The Simcoe Muskoka District Health Unit has reported some record-breaking numbers, and except for maybe one, there wasn’t much cause for celebration.
The health unit reported 197 new COVID-19 cases on Wednesday, single-day high for new infections. Of those, 145 are breakthrough cases.
The region’s positivity rate of 6.8 per cent is also a record, as there was a jump of more than 1,000 active cases in the last week.
On a positive note, Simcoe Muskoka Medical Officer of Health Dr. Charles Gardner said the region has now delivered one million doses of vaccine, and it happened on the one-year anniversary of the immunization program.
Gardner said community exposure has been most common in places of worship, office settings, recreational and fitness centres, construction sites and food premises.
There are 1,495 active cases of COVID-19 in Simcoe Muskoka, and there are 31 people hospitalized with the virus, eight of them in ICU.
Gardner said as case counts are anticipated to grow because of the more infectious Omicron variant, the health unit may not be able to test people sufficiently.
“The people’s ability to access testing becomes compromised by the sheer number of cases that we will have in the district or the province.”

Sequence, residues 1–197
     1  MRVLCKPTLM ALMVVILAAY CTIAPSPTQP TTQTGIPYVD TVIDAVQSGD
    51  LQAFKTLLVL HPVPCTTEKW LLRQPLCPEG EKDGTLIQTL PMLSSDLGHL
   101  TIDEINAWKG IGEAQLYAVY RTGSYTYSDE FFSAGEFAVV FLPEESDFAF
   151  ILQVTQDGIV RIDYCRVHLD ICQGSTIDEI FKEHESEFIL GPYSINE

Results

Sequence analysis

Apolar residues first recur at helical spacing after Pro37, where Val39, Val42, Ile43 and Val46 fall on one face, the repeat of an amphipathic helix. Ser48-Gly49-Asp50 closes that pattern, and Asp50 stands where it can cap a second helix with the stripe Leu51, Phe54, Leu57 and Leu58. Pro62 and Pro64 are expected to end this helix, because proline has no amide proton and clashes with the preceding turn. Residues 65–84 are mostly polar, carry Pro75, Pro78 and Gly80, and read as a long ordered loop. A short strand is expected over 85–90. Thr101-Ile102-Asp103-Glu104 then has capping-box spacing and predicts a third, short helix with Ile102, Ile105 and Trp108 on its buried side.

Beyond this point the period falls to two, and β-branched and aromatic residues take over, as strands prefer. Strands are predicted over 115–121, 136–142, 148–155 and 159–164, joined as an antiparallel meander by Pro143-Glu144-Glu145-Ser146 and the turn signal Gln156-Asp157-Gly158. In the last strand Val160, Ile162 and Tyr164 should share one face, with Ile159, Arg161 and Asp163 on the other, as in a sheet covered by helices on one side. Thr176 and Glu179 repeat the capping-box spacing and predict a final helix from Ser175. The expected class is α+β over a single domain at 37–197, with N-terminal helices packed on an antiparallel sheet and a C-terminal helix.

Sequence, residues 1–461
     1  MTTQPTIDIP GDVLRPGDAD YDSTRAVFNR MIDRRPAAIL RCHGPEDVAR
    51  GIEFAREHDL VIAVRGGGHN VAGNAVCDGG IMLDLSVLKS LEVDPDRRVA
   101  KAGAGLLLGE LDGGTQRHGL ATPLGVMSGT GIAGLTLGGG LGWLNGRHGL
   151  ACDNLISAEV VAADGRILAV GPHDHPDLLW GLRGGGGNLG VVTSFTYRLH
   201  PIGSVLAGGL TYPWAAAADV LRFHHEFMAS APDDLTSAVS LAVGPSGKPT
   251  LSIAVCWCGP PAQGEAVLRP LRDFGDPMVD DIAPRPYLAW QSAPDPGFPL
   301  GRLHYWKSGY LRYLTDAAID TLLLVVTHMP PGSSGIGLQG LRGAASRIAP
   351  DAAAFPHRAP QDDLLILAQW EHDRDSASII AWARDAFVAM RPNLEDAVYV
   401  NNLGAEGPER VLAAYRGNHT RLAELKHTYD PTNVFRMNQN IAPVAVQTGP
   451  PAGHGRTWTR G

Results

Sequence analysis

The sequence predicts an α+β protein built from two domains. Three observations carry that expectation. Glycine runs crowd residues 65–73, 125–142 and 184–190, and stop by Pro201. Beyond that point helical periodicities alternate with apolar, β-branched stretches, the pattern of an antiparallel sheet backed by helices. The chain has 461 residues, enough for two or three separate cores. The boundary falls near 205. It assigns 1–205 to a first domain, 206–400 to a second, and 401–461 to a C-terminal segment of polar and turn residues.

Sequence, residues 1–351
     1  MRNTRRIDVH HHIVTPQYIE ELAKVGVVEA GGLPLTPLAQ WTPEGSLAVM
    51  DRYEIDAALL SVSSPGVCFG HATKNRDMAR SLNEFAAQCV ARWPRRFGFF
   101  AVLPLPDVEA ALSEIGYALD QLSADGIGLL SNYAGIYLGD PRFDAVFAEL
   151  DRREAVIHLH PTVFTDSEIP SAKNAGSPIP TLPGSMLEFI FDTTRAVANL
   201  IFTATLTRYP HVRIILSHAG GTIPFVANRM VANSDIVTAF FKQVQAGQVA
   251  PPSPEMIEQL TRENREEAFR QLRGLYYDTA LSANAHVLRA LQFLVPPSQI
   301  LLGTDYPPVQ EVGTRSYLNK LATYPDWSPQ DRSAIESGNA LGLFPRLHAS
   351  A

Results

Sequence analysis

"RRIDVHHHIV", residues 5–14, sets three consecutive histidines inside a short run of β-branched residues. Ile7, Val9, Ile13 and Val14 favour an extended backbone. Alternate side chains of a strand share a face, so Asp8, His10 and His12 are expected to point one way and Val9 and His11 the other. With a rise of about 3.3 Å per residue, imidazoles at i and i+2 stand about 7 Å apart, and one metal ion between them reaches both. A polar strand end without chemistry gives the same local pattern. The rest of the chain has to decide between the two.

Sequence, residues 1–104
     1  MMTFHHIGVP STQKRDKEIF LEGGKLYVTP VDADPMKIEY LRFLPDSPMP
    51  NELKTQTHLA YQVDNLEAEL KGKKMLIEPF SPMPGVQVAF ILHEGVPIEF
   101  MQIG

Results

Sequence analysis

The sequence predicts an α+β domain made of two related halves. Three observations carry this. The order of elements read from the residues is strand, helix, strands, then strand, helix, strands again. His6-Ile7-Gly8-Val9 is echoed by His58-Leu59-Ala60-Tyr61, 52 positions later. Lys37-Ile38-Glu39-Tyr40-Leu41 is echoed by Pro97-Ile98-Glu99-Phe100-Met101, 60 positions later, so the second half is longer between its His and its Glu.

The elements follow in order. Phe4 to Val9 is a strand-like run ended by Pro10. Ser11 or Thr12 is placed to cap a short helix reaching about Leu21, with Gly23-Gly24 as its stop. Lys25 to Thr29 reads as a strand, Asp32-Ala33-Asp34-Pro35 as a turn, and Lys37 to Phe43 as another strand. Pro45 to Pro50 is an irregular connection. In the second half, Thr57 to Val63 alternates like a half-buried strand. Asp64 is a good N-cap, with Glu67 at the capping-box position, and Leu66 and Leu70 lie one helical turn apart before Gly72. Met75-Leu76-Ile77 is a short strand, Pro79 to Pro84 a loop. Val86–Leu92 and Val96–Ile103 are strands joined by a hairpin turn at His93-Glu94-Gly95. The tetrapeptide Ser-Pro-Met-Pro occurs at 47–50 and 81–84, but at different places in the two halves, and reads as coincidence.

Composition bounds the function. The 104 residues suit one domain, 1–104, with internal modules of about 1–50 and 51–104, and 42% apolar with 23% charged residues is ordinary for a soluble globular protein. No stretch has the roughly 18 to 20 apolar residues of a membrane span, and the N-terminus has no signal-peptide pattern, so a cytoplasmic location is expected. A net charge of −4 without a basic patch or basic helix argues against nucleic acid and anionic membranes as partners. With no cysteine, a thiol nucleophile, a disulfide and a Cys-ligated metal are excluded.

He said with Omicron, all health units are going to be very limited in their ability to follow-up cases.
“In effect, we will have to prioritize the cases we do follow-up,” Gardner noted. “We do have assistance from a provincial workforce, as well. They’ll be following most of our cases and we’re going to be following the cases that involve congregate settings in healthcare settings, long-term care facilities, group homes and retirement homes, and the other cases will be followed by the provincial workforce.”
In all instances, Gardner said they will be taking less data and history associated with these cases.
“In many instances, cases will be asked to follow-up with their own contacts to advise them that they should go into quarantine.”
Gardner said as case counts rise, and it does, in fact, follow the trajectory that is anticipated with the Ontario Science Table report, there will be an increasing number of cases for which people will have trouble accessing testing in the first place, or even if they do obtain testing, would not be reached by either the provincial workforce or local public health.
“One of the complications of all of this is we will have a reduced level of information about our cases, about the venues in which they may have obtained their infection. We would be less likely to be able to report on outbreaks.”
So one of the complications of all of this is we will have a reduced level of information about our cases about the venues in where they may have obtained their infection. And we would be less likely to be able to report on outbreaks